From Brooklyn to Normandy: War hero shares story, advice 

World War II vet Marvin Marks, 91, shared stories and advice with students in a celebration of Veterans Day. He was one of the veterans who visted Richland on Nov. 2.

Marks enlisted in the Navy in 1943, served in both the Atlantic and the Pacific theaters of the war, then was discharged in 1946.

“I started off in boot camp,” Marks said.  “We were Navy gunners on these merchant ships. I made one crossing. I decided to get on a fighting ship – the USS Doyle, a destroyer.”

Marks said he was with the USS Texas when, on June 6, 1944, they picked up some survivors. 

It was a landing ship and they transferred them to a bigger ship.

Veterans Melanie Brandow, left, and Marvin Marks at the Richland Veterans Resource Fair on Nov 2.

Veterans Melanie Brandow, left, and Marvin Marks at the Richland Veterans Resource Fair on Nov 2.

“I didn’t know who the survivors were,” he said. “Our ship was only 1,600 tons.  It was considered a 1600 class destroyer.  Close to 300 men were on it.”

Marks had family members who also served. He lost a brother in 1944, and his father was in the Navy in World War I.

“He was in the 101st Airborne,” Marks said of his brother. “He was killed in Gascon during the Battle of the Bulge.”

Marks said that in 1946, “My hitch was up. I decided I was going to sign off.”

He was injured and got the Purple Heart though. He was in the English Channel during  the invasion of Normandy when radar picked up an unidentified aircraft. The ship’s crew were told to go to general quarters.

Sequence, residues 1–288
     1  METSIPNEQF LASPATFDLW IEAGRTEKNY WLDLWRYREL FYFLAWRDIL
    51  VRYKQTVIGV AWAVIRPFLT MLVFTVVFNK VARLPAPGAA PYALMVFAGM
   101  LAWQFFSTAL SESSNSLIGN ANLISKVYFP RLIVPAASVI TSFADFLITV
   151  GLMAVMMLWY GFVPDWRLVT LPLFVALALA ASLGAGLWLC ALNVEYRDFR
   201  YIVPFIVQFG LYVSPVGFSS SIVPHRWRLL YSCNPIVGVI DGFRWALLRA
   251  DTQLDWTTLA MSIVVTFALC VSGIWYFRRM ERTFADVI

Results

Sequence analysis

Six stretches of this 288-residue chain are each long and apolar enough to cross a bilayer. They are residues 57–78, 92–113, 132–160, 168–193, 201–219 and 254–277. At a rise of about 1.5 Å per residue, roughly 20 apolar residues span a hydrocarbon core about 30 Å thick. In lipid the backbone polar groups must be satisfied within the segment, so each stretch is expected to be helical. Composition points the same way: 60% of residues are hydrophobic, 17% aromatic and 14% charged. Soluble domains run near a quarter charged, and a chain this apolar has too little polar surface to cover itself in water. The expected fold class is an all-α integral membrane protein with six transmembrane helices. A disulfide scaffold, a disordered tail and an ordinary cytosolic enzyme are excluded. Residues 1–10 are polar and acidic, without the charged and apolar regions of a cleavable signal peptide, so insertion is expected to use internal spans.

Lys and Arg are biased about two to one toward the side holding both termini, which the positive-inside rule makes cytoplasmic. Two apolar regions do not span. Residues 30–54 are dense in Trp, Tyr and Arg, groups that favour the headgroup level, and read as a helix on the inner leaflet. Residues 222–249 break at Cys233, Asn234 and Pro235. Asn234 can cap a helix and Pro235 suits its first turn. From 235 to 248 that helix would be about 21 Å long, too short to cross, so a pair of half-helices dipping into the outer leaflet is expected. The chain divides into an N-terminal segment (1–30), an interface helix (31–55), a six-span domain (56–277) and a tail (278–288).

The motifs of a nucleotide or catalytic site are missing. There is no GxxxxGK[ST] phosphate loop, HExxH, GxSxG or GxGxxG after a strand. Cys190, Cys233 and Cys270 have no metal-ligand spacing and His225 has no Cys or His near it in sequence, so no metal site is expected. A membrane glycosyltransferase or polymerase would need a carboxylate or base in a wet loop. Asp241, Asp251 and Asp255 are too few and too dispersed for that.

“Someone yelled out, ‘Friendly aircraft, don’t fire!’ Marks said, but it turned out that the friendly fire was a German FW 180. It opened fire on the ship. Marks was hit in his legs by shrapnel and has eight scars to show for it.

“I still got my scars,” he said.  “We didn’t have a doctor aboard.”

They taped up his legs and took him back to port where there was a doctor who took out the shrapnel and put in some stitches.

“He says to me, ‘you know, you got the Purple Heart’ I said, ‘Is that a ticket home?’  He said, ‘You wish’.”

Marks then went back to the ship where he had one day of light duty and that was it. When he left the Navy, he was unemployed for a year.

“I went to work for Hercules Powder Company in Kingston, N.Y.,” he said. “I was driving a pickup and asked them what my salary was – it was $15 an hour. I asked them, ‘Who do I have to kill?’”

 At that particular time, Marks said, that was good money.

Marks didn’t know what to expect when he began driving a pickup filled with nitroglycerin from Kingston to Jersey City, N. J., but it was part of his job. 

“I had to be off the highway by 4:30 p.m., he said.

 Marks was born in Brooklyn and has lived in Dallas since 1950.  He moved to Texas when he married his wife, a Texan.

“I went to work for the sheriff’s department. Bill Decker hired me in 1960,” he said.  “I put 25 years in with the sheriff’s office. Then I worked at the Dallas Police Department as a policeman for 15 years.  I retired in 2000.”

Marks had a bit of advice for students who are interested in a military career.

“I’m from the old school, so I can’t say too much,” he said. With today’s situation, he advised others to join the military. You never know what’s going to happen.  Benefits are good. Take the Navy because you get three square meals a day.”

His response to the food?

“Pretty good – can’t complain,” he said.  “We had an open galley.  You can order what you want most of the time.”